DESCRIPTIONAcute diarrhea is the passage of many loose, watery, or unformed bowel movements. This is a symptom, not a disease. The colon, small intestine, rectum, and skin around the rectum are involved.
Appropriate health care includes:
Self-care after diagnosis.
Physician's monitoring of general condition and medications (if symptoms persist longer than 2 to 3 days).
SIGNS & SYMPTOMSCramping abdominal pain.
Loose, watery, or unformed bowel movements.
Lack of bowel control (sometimes).
Infections (viral, parasitic or bacterial).
Regional enteritis (See Glossary).
Disease or tumor of the pancreas (malignant or benign).
Foods, such as prunes or beans.
Excess alcohol consumption.
Use of drugs, such as laxatives, antacids, antibiotics, quinine, or anti-cancer drugs.
Radiation treatments for cancer.
Excess alcohol consumption.
Crowded or unsanitary living conditions.
PREVENTING COMPLICATIONS OR RECURRENCEIf diarrhea recurs in your child and a cause can be identified, treatment or avoidance of the cause should prevent recurrence.
Every child is likely to have bouts of diarrhea occasionally from insignificant causes that disappear and leave no lasting effects. Most cases of acute diarrhea last a short time, and a search for the cause may not be necessary.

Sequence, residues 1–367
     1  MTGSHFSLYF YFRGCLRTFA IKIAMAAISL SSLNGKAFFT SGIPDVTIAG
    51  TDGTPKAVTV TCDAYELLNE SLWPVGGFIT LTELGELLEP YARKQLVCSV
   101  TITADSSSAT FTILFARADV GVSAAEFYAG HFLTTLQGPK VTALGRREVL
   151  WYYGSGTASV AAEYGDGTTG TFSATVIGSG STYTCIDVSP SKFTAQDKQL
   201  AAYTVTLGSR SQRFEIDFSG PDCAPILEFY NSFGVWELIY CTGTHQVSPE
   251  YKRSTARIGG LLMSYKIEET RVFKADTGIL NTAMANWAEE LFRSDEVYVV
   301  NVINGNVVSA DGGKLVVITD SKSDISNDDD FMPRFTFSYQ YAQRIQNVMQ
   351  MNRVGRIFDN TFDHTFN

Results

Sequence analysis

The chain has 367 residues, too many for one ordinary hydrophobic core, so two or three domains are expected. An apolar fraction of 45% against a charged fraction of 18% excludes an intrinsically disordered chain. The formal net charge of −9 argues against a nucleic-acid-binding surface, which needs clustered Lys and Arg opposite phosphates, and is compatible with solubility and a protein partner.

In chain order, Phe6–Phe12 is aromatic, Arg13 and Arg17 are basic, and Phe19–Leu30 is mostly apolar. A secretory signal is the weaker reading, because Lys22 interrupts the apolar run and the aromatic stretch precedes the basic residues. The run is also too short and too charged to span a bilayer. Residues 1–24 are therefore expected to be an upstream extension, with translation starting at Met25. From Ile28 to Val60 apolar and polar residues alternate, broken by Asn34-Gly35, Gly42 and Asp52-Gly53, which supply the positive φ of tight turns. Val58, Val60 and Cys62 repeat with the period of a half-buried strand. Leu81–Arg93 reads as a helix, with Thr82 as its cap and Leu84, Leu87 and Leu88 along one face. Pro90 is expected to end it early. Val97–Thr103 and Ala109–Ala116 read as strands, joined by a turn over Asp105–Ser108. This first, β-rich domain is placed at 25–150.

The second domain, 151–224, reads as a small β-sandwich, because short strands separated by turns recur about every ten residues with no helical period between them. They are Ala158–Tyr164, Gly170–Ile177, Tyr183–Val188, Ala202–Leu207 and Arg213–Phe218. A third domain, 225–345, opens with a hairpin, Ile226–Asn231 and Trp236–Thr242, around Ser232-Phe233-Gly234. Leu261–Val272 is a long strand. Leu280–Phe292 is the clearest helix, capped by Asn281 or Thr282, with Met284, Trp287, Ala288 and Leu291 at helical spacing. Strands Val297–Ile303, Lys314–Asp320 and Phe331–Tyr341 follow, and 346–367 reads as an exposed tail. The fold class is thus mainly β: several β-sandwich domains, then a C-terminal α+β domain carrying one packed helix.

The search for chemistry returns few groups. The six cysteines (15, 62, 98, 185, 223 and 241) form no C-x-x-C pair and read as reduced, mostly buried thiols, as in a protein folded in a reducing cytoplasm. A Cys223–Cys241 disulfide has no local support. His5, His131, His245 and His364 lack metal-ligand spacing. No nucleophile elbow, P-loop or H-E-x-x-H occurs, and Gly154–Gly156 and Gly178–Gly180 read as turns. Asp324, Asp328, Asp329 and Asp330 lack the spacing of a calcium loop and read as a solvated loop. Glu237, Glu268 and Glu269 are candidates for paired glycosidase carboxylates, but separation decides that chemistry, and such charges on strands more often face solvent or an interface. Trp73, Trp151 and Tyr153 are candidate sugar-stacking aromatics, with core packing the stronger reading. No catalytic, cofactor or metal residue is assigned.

Your own observation of symptoms.
Medical history and physical exam by a doctor.
Laboratory stool studies (for prolonged diarrhea).
POSSIBLE COMPLICATIONSDehydration if diarrhea is prolonged, especially in infants.
Spontaneous recovery in 24 to 48 hours.
HOME CAREIf cramps are present, place hot compresses, a hot-water bottle, or an electric heating pad on the abdomen.
MEDICATIONFor minor discomfort, use non-prescription drugs such as Pepto-Bismol or Kaopectate.
See Medications section for information regarding medicines your doctor may prescribe.
Decrease your child's activity until diarrhea stops.
DIET & FLUIDSIf diarrhea is accompanied by nausea, your child should suck ice chips only.
If your child is not nauseated, drinking small amounts of clear liquid, such as herbal tea, ginger ale, broth, or gelatin is helpful until diarrhea stops.
After symptoms disappear, serve the child soft foods, such as cooked cereal, rice, eggs, custard, baked potato, and yogurt, for 1 or 2 days.
Your child can resume a normal diet 2 or 3 days after the diarrhea stops, but fruit, alcohol, and highly seasoned foods should be avoided for several more days.
OK TO GO TO SCHOOL?When signs of infection have decreased, appetite returns, and alertness, strength, and feeling of well-being will allow.
CALL YOUR DOCTOR IF
Diarrhea lasts more than 48 hours.
Mucus, blood, or worms appear in the stool.
Fever rises to 101F (38.3C) or higher.
Severe pain develops in the child's abdomen or rectum.
Dehydration develops. Signs include: dry mouth, wrinkled skin, excess thirst, and little or no urination.